The City of Wheat Ridge will use its grant to hire a Mile High Youth Corps crew to address the spread of Emerald Ash Borer, an invasive beetle species that feeds on ash trees. The crew will work with City forestry staff to assess 700 trees on various properties, place signs on trees as part of the City’s “Watch Your Ash” awareness campaign, install beetle traps, and salvage infected trees when possible. In conjunction with this project, the City will conduct outreach to assist residents with ash trees on private property.
Fire and Noxious Weed Mitigation at Bell Park, $62,700 grant to City and County of Denver
The City will partner with Mile High Youth Corps to deploy a chainsaw crew to treat 10 acres of forested land at Bell ark. Bell Park is located near Evergreen and is managed by Denver Mountain Parks, a subsidiary of Denver Parks and Recreation. The crew will work for six weeks to thin dense trees to reduce fire risk and remove noxious weeds to improve ecological health.
Garden of the Gods & Rock Ledge Ranch- Noxious Weed Treatment Program, $20,900 grant to City of Colorado Springs
The City of Colorado Springs will hire a Mile High Youth Corps crew for an ongoing project to remove noxious weeds at Garden of the Gods and Rock Ledge Ranch. Last summer, a crew treated 17 acres infested with invasive species, and this funding will support a second phase to re-treat areas that have seen regrowth. Following initial treatment, it is common for invasive seed banks to further propagate, requiring land managers to closely monitor treated areas to avoid continued spread. This project will build on last year’s work to promote growth of native plant populations and maintain critical wildlife habitat at some of the County’s most valuable outdoor resources.
Hazard Tree and Forest Fuel Mitigation in Eastern Grand County, $41,800 grant to Town of Winter Park
With this funding, a crew from Rocky Mountain Youth Corps will clear dead trees and other forest fuels along 20 miles of trail in Winter Park, Fraser, and Tabernash. Grand County has been greatly affected by the pine beetle epidemic, which increases wildfire risk due to the large number of dead trees. The crew will work for four weeks to remove dead and diseased trees and pile wood for burning on the Idlewild and Phases trail systems.
Intemann Trail Sustainability Project, $25,050 grant to City of Manitou Springs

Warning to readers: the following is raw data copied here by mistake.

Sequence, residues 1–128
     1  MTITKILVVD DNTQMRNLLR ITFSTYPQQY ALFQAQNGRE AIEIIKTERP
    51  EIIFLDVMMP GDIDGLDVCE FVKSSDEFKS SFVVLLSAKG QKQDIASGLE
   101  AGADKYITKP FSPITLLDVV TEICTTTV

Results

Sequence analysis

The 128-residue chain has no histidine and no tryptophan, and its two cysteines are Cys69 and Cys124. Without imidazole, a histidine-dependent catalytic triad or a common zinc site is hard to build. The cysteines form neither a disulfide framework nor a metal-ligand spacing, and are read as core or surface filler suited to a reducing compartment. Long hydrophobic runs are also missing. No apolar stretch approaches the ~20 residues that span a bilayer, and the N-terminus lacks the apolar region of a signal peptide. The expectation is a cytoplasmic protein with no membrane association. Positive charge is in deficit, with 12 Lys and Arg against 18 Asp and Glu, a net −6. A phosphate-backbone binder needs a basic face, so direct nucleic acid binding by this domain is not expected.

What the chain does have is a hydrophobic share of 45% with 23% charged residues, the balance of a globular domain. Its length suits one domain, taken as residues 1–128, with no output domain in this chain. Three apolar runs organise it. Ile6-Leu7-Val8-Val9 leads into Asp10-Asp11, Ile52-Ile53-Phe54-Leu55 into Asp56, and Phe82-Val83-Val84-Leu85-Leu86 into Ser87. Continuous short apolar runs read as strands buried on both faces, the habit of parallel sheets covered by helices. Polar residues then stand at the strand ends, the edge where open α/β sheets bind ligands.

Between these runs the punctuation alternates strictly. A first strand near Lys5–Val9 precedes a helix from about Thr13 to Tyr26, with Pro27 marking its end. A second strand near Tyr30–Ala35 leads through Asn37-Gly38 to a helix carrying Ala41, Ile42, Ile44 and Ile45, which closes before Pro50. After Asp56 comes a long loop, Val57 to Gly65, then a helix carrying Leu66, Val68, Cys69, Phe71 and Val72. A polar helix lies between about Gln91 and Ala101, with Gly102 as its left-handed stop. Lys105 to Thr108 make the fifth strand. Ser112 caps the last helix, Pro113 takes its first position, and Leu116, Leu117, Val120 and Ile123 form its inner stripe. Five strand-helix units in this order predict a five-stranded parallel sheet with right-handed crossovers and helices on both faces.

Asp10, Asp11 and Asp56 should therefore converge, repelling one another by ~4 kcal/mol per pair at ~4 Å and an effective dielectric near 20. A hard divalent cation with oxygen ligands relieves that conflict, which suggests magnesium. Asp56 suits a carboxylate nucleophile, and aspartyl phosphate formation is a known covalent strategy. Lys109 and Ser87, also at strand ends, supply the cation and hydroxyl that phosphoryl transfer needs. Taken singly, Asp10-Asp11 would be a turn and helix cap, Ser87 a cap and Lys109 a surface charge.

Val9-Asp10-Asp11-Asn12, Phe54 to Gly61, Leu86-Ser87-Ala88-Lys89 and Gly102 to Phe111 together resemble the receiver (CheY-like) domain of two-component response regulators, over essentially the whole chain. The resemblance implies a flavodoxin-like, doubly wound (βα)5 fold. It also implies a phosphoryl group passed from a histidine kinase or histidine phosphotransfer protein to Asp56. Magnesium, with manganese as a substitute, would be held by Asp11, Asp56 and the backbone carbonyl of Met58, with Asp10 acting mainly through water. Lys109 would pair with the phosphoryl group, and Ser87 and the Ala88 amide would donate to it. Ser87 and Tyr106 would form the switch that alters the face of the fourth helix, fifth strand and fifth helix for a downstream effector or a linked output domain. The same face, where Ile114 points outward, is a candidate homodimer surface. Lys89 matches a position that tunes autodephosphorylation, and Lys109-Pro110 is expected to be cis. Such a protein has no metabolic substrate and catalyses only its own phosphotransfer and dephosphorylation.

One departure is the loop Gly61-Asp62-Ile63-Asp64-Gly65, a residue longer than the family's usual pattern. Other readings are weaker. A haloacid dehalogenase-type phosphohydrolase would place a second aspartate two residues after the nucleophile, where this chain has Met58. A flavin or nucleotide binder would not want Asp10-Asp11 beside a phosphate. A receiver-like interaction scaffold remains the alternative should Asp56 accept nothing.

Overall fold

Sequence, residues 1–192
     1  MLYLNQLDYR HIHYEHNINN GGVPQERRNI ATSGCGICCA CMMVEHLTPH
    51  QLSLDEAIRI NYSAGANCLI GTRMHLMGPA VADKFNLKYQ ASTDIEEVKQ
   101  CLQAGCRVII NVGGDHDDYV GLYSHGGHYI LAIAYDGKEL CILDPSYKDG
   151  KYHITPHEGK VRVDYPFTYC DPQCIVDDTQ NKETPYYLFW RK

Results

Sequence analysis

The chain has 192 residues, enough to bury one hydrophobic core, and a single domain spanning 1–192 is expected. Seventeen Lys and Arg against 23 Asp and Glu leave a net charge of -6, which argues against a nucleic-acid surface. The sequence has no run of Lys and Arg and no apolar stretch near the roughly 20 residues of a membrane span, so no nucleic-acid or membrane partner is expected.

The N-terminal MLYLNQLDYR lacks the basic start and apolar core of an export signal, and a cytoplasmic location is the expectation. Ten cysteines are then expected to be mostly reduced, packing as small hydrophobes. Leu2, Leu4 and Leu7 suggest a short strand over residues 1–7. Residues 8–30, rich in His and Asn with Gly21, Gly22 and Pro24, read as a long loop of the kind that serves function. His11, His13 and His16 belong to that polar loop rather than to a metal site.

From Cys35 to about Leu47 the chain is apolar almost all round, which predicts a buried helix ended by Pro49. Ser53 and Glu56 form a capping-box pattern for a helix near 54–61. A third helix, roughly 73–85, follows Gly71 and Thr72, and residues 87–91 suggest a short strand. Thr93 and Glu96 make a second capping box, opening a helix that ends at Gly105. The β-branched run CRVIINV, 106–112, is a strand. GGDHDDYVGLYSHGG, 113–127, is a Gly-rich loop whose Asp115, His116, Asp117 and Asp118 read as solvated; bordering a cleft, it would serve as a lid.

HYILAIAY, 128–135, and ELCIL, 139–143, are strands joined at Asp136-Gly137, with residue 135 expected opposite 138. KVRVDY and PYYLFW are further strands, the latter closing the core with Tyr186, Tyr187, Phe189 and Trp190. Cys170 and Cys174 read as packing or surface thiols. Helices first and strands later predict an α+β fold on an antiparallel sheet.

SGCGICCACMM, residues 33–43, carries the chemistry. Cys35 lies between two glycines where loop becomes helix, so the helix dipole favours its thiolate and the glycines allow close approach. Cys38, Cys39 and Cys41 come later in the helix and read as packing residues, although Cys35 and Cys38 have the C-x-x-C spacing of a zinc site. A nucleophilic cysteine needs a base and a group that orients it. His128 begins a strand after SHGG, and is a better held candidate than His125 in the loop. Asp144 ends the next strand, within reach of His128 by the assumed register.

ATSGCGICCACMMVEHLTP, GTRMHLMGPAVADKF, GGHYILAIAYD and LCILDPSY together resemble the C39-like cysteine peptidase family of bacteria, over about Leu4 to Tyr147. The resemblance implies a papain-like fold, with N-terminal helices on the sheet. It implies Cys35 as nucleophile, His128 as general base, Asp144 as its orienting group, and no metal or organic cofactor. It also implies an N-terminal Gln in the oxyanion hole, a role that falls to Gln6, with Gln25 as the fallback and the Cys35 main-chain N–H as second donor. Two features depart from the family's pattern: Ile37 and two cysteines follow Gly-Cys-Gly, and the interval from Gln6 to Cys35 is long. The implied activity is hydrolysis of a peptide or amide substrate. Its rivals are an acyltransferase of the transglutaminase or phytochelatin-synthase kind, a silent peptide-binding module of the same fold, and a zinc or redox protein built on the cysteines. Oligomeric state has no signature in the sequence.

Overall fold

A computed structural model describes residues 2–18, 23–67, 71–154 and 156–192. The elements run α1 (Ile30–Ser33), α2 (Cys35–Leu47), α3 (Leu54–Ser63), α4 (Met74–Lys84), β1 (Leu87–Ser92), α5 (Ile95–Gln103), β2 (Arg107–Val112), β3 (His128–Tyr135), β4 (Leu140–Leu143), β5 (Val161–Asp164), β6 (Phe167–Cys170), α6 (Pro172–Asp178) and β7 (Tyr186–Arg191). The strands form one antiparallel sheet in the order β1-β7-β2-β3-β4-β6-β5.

The City of Manitou Springs will use its funding to hire a Mile High Youth Corps crew for three weeks of work on Intemann Trail, the backbone of the city’s trail system. The path connects to Iron Mountain Open Space and Red Mountain Open Space, providing access to some of the County’s most popular trails and outdoor spaces. The crew will restore a closed section of the trail, build a retaining wall near the western trailhead, close undesignated social trails, and conduct general tread maintenance.
John Griffin Regional Park Fire Mitigation Project, $41,800 grant to Cañon City Area Metropolitan Recreation and Park District
A chainsaw crew from Mile High Youth Corps (MHYC) will work for four weeks to remove dead cottonwood trees from a five-acre section of John Griffin Regional Park. This project will build on previous efforts by MHYC crews to eradicate invasive Russian olive and tamarisk at the park, which was completed earlier this year after three summers of work. Now, to further support ecological health and reduce risk of wildfire after a record season, crews will cut the dead and fallen trees, which will be used as firewood and mulch.
Methodist Front Wildland Urban Interface Forest and Watershed Health Restoration, $20,900 grant to City of Salida and $20,900 grant to Town of Poncha Springs
With the help of GOCO funding, a chainsaw crew from Southwest Conservation Corps will work for four weeks to reduce wildfire risk along five linear miles of land adjacent to Highway 285. The crew will thin dense trees on 178 acres of steep terrain and clear brush on an additional 300 acres of flat land. These areas were identified as the highest priorities for wildfire mitigation in the 2020 Chaffee County Next Generation master plan due to the large concentration of dead trees and other dry plant matter.
North Mt. Elbert Maintenance, $53,880 grant to Lake County
As the highest point in Colorado, Mt. Elbert receives an average of more than 20,000 hiking use days annually. A camping crew from Rocky Mountain Youth Corps will repair and reroute a quarter-mile portion of the north trail that has been badly damaged from heavy use. The completed trailwork will reduce the average grade on the section from 50% to 18%, enhancing user experience and accessibility. Crews will also install rock stairways and retaining walls to mitigate future damage and erosion.
Paonia River Park Expansion Project, $55,350 grant to Delta County
With the help of GOCO funding, a crew from Western Colorado Conservation Corps will work for six weeks to build a soft-surface trail from Paonia River Park to Paonia Junior/Senior High School, a route already established through informal, social trails. The new trail will provide better access to the park for the school’s students and more opportunities for outdoor and environmental education. The crew will also clear Russian olive and tamarisk, two invasive species that crowd out other plants and soak up water, along the Gunnison River at the park and along the trail.
Prairie Stream Restoration on SPLT, $31,350 grant to Southern Plains Land Trust (SPLT)
With this funding, SPLT will hire a Mile High Youth Corps (MHYC) crew for riparian restoration at Heartland Ranch and Raven’s Nest nature preserves. Tamarisk, an invasive species that crowds other plants and soaks up water, is prevalent at both locations. SPLT has worked to remove the plants along the properties’ riparian areas, and with help from MHYC, could achieve total eradication. Crews will also install structures along streams and side channels to reduce erosion caused by livestock grazing.
Purgatoire River Trails, Trees and Wildlife, $40,330 grant to City of Trinidad